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Viewed from anywhere but directly across the street, the ridged façade of the CBS Building obscures its narrow windows, giving the impression of a giant slab of dark-gray granite. Nicknamed Black Rock, the landmark tower has stood at the corner of Sixth Avenue and 52nd Street for 35 years, a monument, of sorts, to the achievements of William S. Paley, who first assembled sixteen radio stations into the Columbia Broadcasting System and later commissioned the architect Eero Saarinen to design its forbidding headquarters.

But this month, Mel Karmazin, the company’s newly appointed chairman and chief executive, took the first steps toward putting Black Rock on the block. Real-estate industry sources say the company has picked investment bank Lazard Frères & Co. to help explore a possible sale. (Over the past two years, Lazard has done a brisk business helping to sell nearby Manhattan trophy properties, including 712 Fifth Avenue, the GM Building, the Chrysler Building, and the three development sites now sprouting office towers near Times Square.) If sold today, Black Rock could fetch as much as $400 million, according to James Kuhn, president of Newmark & Co. Real Estate, who calls it “one of the ten best properties in New York.” A CBS spokesman declined to comment.

Karmazin, the former head of the CBS radio division who officially took the company’s helm this year, has boosted its stock price with a hard-nosed devotion to the bottom line. “Selling the building would unlock a lot of hidden value,” said Victor Miller, analyst at investment bank Bear Stearns & Co. “Right now, Wall Street doesn’t even put a price on Black Rock when evaluating the company.”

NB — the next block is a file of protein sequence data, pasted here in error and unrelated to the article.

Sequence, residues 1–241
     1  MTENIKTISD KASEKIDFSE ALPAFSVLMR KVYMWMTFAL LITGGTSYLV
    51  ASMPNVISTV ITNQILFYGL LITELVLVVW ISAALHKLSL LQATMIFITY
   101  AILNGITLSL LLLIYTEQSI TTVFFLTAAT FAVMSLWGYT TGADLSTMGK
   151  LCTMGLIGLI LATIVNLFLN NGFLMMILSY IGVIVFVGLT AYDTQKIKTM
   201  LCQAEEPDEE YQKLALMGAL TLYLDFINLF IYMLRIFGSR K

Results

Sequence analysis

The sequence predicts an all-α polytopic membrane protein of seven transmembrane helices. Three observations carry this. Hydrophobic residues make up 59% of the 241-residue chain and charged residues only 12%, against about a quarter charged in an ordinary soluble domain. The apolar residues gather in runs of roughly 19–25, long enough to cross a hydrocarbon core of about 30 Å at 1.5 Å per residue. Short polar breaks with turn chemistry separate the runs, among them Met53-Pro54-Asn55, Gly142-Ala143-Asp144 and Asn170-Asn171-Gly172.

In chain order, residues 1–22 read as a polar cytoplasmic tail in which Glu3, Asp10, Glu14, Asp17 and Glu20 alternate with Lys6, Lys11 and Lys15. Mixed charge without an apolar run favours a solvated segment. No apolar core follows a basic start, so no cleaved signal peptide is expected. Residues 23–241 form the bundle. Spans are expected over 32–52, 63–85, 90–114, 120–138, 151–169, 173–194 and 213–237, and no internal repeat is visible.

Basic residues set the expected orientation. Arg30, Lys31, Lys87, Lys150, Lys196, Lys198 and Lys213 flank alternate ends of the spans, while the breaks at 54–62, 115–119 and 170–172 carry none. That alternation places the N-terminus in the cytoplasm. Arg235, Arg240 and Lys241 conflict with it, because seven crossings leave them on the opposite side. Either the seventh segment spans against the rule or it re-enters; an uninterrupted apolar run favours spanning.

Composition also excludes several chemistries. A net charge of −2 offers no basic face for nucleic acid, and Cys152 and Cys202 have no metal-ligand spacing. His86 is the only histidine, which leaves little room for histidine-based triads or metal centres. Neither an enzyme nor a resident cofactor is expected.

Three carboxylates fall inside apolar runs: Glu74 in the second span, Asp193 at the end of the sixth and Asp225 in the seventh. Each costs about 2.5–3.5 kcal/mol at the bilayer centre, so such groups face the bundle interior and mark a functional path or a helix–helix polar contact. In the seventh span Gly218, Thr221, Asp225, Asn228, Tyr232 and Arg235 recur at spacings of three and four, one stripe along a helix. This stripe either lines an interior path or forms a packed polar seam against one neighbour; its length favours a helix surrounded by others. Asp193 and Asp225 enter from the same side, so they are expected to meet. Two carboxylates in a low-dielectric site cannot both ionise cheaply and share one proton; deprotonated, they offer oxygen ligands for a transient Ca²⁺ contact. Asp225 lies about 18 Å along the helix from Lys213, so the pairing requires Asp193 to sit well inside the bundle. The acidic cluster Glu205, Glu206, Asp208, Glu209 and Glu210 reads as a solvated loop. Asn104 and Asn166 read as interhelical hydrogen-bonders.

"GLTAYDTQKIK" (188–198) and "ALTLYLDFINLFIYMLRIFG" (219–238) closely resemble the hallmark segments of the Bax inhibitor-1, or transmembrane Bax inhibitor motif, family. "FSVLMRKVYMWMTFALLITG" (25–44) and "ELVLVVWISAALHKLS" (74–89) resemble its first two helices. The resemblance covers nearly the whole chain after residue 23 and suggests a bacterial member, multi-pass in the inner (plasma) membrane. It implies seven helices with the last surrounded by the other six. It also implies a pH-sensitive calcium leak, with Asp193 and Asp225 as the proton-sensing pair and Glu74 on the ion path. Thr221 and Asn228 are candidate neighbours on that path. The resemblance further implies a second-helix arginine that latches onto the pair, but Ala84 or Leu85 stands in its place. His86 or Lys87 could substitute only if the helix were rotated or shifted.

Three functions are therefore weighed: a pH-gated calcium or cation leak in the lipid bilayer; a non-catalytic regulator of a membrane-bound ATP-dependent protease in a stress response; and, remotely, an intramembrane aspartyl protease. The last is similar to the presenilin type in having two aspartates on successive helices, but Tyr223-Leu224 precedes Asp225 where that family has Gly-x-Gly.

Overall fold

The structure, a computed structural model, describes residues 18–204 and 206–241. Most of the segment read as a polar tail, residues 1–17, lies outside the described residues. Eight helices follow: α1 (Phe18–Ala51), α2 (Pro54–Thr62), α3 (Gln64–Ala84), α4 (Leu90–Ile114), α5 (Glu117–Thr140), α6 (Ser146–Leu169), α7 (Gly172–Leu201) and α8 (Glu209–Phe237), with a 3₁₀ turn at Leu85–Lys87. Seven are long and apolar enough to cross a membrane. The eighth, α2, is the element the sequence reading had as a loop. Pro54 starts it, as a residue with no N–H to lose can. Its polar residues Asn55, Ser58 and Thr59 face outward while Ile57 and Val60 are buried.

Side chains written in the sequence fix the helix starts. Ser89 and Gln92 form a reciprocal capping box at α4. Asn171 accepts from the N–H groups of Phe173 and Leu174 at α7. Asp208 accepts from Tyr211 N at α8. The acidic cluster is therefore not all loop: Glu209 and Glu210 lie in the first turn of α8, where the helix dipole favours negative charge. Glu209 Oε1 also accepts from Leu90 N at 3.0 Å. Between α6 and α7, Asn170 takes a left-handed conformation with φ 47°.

This could be Karmazin’s best moment to sell of the trophy tower. Commercial-property prices peaked last summer, before the global market turmoil spooked mortgage lenders. But “we are still pretty darn close to the peak for this cycle,” says Steven Swerdlow, New York head of real-estate firm CB Richard Ellis. Besides, he says, there is always demand for a rarity like Black Rock.

CBS last year hired brokerage firm Cushman & Wakefield to help it find new space and was threatening to move its studios to New Jersey. Then last month, the network signed a deal for $10 million in tax subsidies from New York City to keep its home base here and maintain its payroll in town. So even if the network does sell Black Rock, it will likely remain as a tenant, though it’s expected to cut its space from half of the building to a quarter, relocating displaced staff elsewhere in town, according to sources.

Meanwhile, Karmazin is thinking of cutting back CBS’s 57th Street studio space, too. CBS is negotiating with Donald Trump, who bought the GM Building last summer, to lease out its automobile showroom as a windowed studio for the network’s morning show. In the end, Karmazin may find a way to cash in CBS’s venerable headquarters and claim a Manhattan landmark of his own as the new face of the Tiffany network.

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